Laura Kimpton’s work in sculpture and mixed media/collage is focused on the experience. From monumental scale words deployed in a range of unlikely settings, to detail-rich collage-based work that rewards the closer look, Kimpton is all about shifting perceptions and the viewer’s emotional response. Her work offers humor, social critique, surrealism and empathy, and in one particularly poetic case, gratitude. Her word sculpture LOVE has been installed at Renown Health’s Regional Medical Center in downtown Reno, Nevada, where it is visible to the public and the staff, as a message of support for the hospital’s healthcare workers and patients. It’s on view until July 16, when it might have otherwise started its migration to the Playa, but will instead come home to Los Angeles.
L.A. WEEKLY: When did you first know you were an artist?
LAURA KIMPTON: I knew the moment I could walk. I believe I’m an artist, not because I create product, but from the way I live. My art pieces are just the outcome of how I live. When I was very young I would spend my days building forts, making paper dolls and playing with markers. I would dress with two different shoes and just BE ME. I have spent my whole life this way. It has given me the freedom to always be myself. How lucky I am!
What is your short answer to people who ask what your work is about?
I’m sorry, I don’t have a short answer, but I’ll try. My art is about breaking boundaries, making the viewer or the participant think in a different way. One of my creative outlets is collage and assemblage work. I always love to give treats to the viewer who spends the most time with my art, a present. Something they wouldn’t see if they just gave it a glance. I’m also a sculptor who is best known for my monumental words at festivals, mostly Burning Man. The Words have strong meanings, but to everyone it may be different. I love that about them.
What would you be doing if you weren’t an artist?
Well as I said, I live as an artist so I would always be an artist. But, I’m also a teacher. So I would be teaching high school. I’m also a licensed therapist for kids, so I would be teaching and helping kids get through those tough years using creativity to get their emotions out.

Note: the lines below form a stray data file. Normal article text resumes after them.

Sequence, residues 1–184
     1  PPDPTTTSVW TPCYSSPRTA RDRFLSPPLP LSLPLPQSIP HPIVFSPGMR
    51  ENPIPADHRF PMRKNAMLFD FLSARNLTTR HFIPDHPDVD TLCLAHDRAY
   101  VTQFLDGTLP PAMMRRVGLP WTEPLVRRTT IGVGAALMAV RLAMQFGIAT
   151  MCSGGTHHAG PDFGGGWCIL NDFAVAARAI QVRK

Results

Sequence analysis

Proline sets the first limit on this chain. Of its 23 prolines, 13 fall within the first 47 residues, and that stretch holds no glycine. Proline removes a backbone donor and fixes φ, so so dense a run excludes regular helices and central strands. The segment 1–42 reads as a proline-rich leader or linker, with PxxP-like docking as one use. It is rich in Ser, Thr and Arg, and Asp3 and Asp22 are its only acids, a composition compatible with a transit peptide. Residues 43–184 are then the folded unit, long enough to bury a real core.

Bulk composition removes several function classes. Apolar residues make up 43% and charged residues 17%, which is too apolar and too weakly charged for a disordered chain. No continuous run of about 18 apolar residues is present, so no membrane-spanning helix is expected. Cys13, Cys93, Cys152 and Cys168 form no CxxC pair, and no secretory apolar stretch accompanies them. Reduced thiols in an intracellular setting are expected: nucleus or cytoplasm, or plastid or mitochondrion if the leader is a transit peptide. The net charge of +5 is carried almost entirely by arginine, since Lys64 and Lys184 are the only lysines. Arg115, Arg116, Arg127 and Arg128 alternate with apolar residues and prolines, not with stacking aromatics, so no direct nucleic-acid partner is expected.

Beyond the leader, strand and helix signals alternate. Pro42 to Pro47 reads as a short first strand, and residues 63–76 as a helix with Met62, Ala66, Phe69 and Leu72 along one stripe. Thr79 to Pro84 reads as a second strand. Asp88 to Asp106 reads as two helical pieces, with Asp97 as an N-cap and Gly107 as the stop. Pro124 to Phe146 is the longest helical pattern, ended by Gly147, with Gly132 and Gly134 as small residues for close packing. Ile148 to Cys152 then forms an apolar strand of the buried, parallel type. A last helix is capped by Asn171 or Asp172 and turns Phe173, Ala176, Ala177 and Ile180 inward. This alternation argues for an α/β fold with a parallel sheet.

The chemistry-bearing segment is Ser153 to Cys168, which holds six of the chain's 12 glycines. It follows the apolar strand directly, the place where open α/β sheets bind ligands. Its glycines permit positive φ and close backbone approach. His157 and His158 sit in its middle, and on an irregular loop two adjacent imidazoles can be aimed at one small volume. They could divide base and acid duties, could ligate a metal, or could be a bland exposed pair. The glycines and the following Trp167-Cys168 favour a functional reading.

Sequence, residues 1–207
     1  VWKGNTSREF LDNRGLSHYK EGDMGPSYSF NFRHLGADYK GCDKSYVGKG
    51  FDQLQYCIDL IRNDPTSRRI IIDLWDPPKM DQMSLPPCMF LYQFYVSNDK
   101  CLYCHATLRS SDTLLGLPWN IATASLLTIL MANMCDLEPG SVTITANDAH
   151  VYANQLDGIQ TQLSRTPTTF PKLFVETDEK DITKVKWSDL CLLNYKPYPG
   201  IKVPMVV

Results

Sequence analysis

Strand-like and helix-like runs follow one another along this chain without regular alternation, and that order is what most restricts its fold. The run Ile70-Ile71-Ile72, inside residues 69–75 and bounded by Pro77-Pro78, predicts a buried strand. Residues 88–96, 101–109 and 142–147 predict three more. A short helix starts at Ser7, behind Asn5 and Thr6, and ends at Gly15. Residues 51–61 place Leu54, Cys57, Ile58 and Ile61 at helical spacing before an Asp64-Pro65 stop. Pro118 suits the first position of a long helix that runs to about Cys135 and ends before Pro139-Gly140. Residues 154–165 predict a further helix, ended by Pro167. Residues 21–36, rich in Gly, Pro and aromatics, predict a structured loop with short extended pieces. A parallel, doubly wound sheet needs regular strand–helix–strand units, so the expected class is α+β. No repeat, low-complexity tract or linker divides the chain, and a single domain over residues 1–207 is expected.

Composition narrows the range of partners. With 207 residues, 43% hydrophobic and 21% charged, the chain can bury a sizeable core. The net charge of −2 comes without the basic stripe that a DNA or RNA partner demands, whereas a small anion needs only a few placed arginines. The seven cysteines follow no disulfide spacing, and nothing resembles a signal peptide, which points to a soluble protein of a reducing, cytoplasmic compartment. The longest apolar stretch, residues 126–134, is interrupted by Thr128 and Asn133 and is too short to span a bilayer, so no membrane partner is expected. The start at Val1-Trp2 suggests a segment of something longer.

Did you go to art school? Why/Why not?
Yes I went to school, I first graduated from the University of Iowa with a B.A. in art education. I’m a Midwesterner so Big Ten colleges are where you go. Then after traveling the world, I came to San Francisco and went to SF Art Institute and got my BFA in Photography. Then after traveling some more I got my master’s in psychology at the University of San Francisco. Not bad for a dyslexic!
Why do you live and work in L.A., and not elsewhere?
I live in Venice because of the vibrant art culture, and the beach and town. I need to be in water a lot. It just brings my spirit and energy together. In Venice I meet so many people who are being creative and alive! This is very important to me and my work. L.A. as a whole allows me to experience or interact with so many different experiences. I’m an experience junkie!
When was your first show?
My first solo show was at the San Francisco Art Institute when I was 24 years old. Just in the hallway gallery, but it meant the world to me. To show off your work and stand there watching people’s reactions, was mindblowing. I did self-portrait nudes back then, so it was really powerful. I came from a home where nudity was not allowed. So it was very freeing. I have had a show almost every two years since that.
When is/was your current/most recent/next show?
My next show I’m working on is in Mexico City. Can’t talk details yet, but it’s coming along. My last solo show in a gallery was in New York City at HG Contemporary on 23rd Street. I had the whole gallery — about 2,000 square feet — three years ago. Solo shows take a lot out of me, I put my whole life into them. I also do festivals. I have been building for Burning Man for 15 years straight. I have built 18 pieces there.
What artist living or dead would you most like to show with?
The artist I would most like to show with is Kurt Schwitters. As a child, a teacher, when I was around 10, showed me his work. It changed my life. Basic drawing and painting didn’t do much for me. I was a collector of junk, ground scores, anything found. When I was exposed to Kurt Schwitters, I discovered collage art and began to take my found objects and create collages. It put me on a path that gave me understanding of what art was to me. I wish I could thank that teacher.
Website and social media handles, please!
Facebook: Laura Kimpton